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6 Reasons Older Americans Should Consider Remote Work

Baby Boomers looking to jump back into the job market don't have to settle for long commutes and brick-and-mortar offices.

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Social Security may kick in at some point in our 60s, but for many Americans, 60 is the new 40. 

Whether you credit advances in healthcare or blame a combination of economic recessions and poor retirement planning, older Americans are remaining in—and returning to—the workforce at a rate that makes them the fastest-growing labor pool in the U.S., according to AARP.

But just because Baby Boomers are going back to work doesn’t mean they’re all returning to traditional 9-to-5 roles. With remote work, growing your income doesn’t need to look like long commutes and brick-and-mortar offices.

Here are six reasons why remote work works for older professionals, too:

1. Choose where you work

Remote jobs allow professionals in a variety of fields to work from just about anywhere. For some, the best part about this location flexibility is simply cutting the commute, which costs U.S. workers an average of nearly half an hour each day, or nine days every year, according to U.S. Census Bureau data cited by CNBC. Instead of spending hours each week navigating through highway congestion, you can spend this saved time with loved ones or on hobbies you enjoy.

But that’s not the only perk of location independence: without a job tying you down, you’re free to travel the country, seeing the sights and visiting family while still earning an income. Set aside a few hours a day at a location with a WiFi hotspot and you’re good to go.

2. Set your own schedule

Many virtual jobs, like tutoring and freelance writing, allow you to create your own schedule; however, even remote employers who require more traditional hours tend to encourage flexibility. Depending on the role, this could mean you get to choose which shift you work or which days you take off, making it easier for you to plan trips to the gym or doctor’s office and ensuring you can be there for every one of your grandkids’ school recitals and baseball games.

3. Take care of loved ones

Along those lines, as many as 2.7 million grandparents were serving as their grandchildren’s primary caregiver in 2012, according to the U.S. Census Bureau, and since 1970, the percentage of grandparents with this responsibility has doubled. But though serving as a caretaker can be rewarding, it can be isolating—and pricey. The United States Department of Agriculture (USDA) revealed in 2015 that raising a child in the U.S. can cost roughly $233,610 through age 17.

Remote work can help you recuperate some of these expenses and provide an income for your family without forcing you to leave grandchildren with a sitter or loved ones who may need you alone for hours during the day. In addition, working a virtual job can ease some of the isolation that comes with being at home all the time; you’ll spend your days collaborating with experienced colleagues on projects that you can feel proud of, all while earning a little extra cash while you’re at it.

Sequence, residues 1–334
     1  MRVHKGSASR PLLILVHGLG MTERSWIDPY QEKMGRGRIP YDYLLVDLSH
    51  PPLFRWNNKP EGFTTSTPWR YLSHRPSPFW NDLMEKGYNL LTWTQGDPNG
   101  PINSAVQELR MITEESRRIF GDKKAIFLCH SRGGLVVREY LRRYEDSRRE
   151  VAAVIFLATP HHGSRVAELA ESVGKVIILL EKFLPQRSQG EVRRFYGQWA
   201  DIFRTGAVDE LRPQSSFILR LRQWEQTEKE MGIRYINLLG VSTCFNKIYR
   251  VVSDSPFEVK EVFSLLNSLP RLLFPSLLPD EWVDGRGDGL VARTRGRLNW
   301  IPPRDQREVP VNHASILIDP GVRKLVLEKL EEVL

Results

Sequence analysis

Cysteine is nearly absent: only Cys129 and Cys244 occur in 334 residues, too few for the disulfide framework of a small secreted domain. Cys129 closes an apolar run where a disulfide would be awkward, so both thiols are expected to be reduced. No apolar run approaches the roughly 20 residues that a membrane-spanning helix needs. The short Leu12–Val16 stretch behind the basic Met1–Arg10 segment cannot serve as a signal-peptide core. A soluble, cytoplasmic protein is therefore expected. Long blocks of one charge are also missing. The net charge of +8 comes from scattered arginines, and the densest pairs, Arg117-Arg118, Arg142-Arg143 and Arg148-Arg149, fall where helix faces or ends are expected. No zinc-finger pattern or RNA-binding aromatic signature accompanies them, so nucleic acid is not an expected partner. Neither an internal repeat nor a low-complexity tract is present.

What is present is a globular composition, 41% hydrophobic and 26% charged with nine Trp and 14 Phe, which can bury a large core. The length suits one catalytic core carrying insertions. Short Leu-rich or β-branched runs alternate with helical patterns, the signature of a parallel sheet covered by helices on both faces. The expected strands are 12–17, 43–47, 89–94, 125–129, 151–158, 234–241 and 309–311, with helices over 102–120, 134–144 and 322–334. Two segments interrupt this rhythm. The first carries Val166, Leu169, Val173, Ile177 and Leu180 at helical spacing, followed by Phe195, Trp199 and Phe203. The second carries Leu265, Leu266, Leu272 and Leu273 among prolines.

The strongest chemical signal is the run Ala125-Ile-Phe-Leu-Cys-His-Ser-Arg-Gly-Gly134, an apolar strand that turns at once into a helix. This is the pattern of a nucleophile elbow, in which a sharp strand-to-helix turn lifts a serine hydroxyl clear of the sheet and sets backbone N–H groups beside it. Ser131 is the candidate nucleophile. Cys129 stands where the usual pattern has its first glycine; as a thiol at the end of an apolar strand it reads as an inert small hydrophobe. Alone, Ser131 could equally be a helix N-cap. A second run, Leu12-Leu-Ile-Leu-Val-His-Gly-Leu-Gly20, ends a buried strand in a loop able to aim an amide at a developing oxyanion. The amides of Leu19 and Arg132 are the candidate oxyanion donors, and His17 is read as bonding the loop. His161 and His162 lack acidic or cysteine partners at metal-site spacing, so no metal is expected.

4. Take advantage of a results-oriented work environment

While we all wish it didn’t exist, the sad truth is that age discrimination is still a problem in the modern American workplace. A 2018 survey by AARP found that “[n]early 2 out of 3 workers ages 45 and older have seen or experienced age discrimination on the job,” and as more members of Generation Z enter the workforce, the issue only continues to compound. 

Thankfully, many remote employers are focused on one thing: results. After decades in the industry, you likely know the ins and outs of the job, meaning you can do it quickly and accurately, impressing your employers. If you end up with extra time, you can even use it to mentor younger professionals and boost your rapport in the workplace.

5. Supplement Social Security 

While any sustained monthly income during retirement is nothing to scoff at, Social Security isn’t what it used to be. Those receiving benefits from the program can expect to receive an average of just over $1,500 in 2020, according to a report from The Motley Fool, which means if you’re relying on Social Security as your main source of income—as a growing number of Americans are, according to Gallup polling—you’ll likely need something to supplement it.

Choosing a remote job allows you to continue doing the things you love in your retirement years while still enjoying an extra check (or two) each month—and in the modern digital workplace, it’s no challenge to find a role that falls in line with your skills and experience. For instance, former educators can work as remote tutors or teachers, and those with prior business experience may excel as telecommute financial planners or business analysts.

6. Stay at home

If struggling to get from one place to another is keeping you from a more traditional job, you’re not alone. The U.S. Census Bureau reported in 2014 that trouble with mobility is the most common disability among older Americans. But remote jobs can provide an avenue to work for those with limited mobility or who simply prefer staying at home.

Sites like My Employment Options and [email protected] are great resources that can provide options for people with disabilities looking for remote employment. The Social Security Administration also provides a free list of job resources catered specifically toward jobseekers with disabilities.


Final thoughts

I’ve always been a strong advocate for remote work, but working professionals with decades of experience under their belts can particularly benefit from flexible work arrangements—as can their employers. After all, who better to show young team members the ropes?

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